Information for Parents

Children may be exposed to lead in old paint, soil or other sources in their environment.  You can protect your family from lead poisoning by learning more about where lead is found and how to prevent exposure.  If your child has been exposed to lead, you can find out from a simple blood test at the doctor's office.

Most children with elevated blood lead levels will not have high enough exposure to cause physical symptoms, but are at risk for lowered IQ and hyperactivity and attention problems.  Higher blood lead levels can cause headaches, hearing loss, irritability, and abdominal pain.

How are children exposed to lead?

The main source of household lead exposure is from lead in paint, found in houses built before 1978.  Dust and flaking paint is a major source of lead for children.  Lead may be present in soil surrounding old buildings that were painted with lead paint, and close to roads, where lead from gasoline may have settled.

Lead may be in water in older homes where the pipes, fixtures, or solder may contain lead.  The Office of Drinking Water can provide further information about water quality in Virginia.

Some professions and hobbies may expose parents to lead, which can then be brought to the home on their clothing.  Visit our Information for Adults page for more information about these sources.

Many consumer products, including some toys, jewelry, imported spices, cosmetics, medicines, and old vinyl blinds, may include lead.

Traditional medicines that have been known to contain lead: 

  •  Ba-baw-san, Daw Tway, Greta, Azarcon, Ghasard, Paylooah, Bali Gholia, Kandu 

Traditional cosmetics that have been known to contain lead:

  • Sindoor, Kohl, Kajal, Surma

For more information about recalled products due to lead contamination, visit the U.S. Consumer Product Safety Commission website.

Is there lead in food?

Overall, food is not a major source lead.  However, there are a few food sources that can be a risk for lead exposure:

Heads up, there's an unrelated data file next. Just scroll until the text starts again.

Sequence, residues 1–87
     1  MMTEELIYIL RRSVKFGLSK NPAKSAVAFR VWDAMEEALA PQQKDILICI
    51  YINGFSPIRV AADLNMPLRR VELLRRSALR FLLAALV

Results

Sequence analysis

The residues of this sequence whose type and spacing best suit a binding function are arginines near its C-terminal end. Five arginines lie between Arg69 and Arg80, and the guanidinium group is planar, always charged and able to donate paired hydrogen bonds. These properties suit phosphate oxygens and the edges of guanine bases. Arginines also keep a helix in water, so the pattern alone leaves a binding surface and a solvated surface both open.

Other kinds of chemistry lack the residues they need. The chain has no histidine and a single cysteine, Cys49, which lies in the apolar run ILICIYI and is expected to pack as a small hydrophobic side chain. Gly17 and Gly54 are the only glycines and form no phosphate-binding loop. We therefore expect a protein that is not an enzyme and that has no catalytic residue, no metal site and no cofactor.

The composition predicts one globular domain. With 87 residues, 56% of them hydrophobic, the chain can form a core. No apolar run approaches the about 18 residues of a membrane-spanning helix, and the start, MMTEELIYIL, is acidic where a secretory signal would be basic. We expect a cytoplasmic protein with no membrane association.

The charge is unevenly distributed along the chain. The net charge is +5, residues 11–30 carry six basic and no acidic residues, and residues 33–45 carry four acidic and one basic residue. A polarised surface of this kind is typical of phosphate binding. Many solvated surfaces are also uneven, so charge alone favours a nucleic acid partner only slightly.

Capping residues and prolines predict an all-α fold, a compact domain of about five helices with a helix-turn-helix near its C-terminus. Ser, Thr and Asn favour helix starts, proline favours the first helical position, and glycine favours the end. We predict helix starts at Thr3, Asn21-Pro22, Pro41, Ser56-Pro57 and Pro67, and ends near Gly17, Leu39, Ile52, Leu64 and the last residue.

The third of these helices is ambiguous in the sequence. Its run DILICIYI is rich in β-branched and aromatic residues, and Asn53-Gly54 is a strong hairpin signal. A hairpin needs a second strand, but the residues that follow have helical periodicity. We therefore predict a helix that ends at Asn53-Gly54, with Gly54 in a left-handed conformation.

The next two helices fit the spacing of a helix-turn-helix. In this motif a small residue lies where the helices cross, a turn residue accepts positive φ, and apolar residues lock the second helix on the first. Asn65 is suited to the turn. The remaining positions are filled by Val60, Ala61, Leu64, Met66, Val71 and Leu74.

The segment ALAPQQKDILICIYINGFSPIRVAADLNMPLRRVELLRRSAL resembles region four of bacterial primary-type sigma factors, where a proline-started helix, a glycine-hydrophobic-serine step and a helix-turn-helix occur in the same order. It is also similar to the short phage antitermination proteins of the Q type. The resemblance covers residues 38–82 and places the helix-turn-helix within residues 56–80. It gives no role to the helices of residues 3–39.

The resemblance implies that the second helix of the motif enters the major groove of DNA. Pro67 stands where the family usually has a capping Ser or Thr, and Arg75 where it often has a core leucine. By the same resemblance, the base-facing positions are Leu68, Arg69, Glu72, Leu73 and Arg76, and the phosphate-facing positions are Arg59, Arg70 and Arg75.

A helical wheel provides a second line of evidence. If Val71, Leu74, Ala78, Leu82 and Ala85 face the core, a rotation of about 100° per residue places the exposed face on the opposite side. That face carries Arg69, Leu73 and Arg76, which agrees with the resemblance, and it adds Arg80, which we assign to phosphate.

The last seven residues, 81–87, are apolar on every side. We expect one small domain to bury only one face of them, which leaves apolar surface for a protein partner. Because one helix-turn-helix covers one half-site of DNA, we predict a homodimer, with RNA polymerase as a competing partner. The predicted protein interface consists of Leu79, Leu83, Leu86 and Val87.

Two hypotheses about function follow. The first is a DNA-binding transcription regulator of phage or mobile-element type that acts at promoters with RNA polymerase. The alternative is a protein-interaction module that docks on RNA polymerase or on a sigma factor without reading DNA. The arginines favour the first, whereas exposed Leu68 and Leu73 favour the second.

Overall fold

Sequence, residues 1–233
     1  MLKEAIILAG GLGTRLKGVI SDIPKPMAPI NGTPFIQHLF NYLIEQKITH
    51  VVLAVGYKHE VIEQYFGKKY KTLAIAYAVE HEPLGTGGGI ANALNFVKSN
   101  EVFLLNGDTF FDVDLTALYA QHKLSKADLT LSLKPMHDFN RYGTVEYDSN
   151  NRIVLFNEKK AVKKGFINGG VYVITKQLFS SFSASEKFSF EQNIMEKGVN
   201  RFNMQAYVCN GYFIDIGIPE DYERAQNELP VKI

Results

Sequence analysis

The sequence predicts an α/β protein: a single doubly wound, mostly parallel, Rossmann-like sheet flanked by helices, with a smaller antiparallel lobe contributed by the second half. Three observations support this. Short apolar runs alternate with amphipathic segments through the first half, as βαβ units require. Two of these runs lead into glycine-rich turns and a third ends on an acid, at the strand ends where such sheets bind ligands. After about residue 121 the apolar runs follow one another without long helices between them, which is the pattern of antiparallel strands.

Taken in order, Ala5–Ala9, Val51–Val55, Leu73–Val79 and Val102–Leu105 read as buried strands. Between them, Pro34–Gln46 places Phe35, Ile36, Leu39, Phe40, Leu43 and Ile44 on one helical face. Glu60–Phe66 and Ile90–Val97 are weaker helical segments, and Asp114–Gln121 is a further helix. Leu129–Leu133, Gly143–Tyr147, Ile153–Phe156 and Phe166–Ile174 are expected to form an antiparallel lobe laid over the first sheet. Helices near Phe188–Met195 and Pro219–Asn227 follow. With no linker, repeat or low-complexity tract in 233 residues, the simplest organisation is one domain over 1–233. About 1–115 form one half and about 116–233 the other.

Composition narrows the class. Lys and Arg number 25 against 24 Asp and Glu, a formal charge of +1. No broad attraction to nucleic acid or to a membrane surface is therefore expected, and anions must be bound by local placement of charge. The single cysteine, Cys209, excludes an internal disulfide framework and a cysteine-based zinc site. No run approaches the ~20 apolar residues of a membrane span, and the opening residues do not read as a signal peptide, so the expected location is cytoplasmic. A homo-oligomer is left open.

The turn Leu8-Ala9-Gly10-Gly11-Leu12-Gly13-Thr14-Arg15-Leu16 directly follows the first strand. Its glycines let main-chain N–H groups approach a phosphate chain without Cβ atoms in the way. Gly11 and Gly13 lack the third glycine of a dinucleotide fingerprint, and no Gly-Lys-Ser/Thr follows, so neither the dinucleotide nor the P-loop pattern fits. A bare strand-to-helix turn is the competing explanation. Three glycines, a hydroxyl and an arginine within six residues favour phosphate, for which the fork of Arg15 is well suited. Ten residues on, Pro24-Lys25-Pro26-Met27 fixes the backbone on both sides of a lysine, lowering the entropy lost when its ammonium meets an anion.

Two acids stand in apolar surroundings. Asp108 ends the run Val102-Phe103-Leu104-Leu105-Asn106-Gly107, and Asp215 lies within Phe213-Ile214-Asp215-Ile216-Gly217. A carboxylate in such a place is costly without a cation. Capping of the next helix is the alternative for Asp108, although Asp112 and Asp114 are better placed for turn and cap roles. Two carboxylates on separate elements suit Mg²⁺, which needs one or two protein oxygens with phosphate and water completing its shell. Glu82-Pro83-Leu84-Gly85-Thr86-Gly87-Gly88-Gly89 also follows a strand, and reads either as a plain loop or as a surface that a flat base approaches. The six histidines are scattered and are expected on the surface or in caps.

• Some imported spices can contain lead, such as:
      • Kviteli kvavali, svanuri marili, kharcho suneli, utskho suneli, turmeric, curry, masala, and adjika.
    • Leafy greens grown in contaminated soil may be a source of lead from the dust
    • Hunting with lead shot can be a source of lead in meat

How can I keep my family safe from lead in the environment?

Simple prevention measures can keep you and your family safe from sources of lead in your home.  If you are pregnant, you should follow the same advice to avoid exposing yourself to lead, which can be passed on to your baby.

Keeping a clean environment by removing shoes when entering the house, by wet-wiping and wet-mopping (especially around window sills and house entrances), and by regularly washing children’s hands and toys can prevent lead exposure in older houses where lead paint has been used.  Prioritize cleaning areas of the home where children under the age of three spend their time.  Prevent children from playing in bare soil, and cover it by planting grass, or with mulch or wood chips.  Avoid planting gardens close to old structures or roads.  Wash children’s hands and change their clothes after playing outside to prevent bringing lead from soil into the house.

Running the water for about a minute before use, and using cold water to cook, drink, and mix baby formula with can help reduce exposure to lead if it is in your plumbing.

It is important to use lead-safe practices when doing renovations on older homes.  You can learn more about how to protect your family during home renovations at our page for homeowners.

Learn more about consumer goods that may have lead in them.

Adults who are exposed to lead through work or hobbies should take steps to avoid bringing lead into the home by:

  • Changing clothes immediately after coming home
  • Taking off shoes before entering the home
  • Washing hands before entering the house or interacting with children
  • Making sure children under 6 and pregnant women do not eat meat harvested with lead bullets.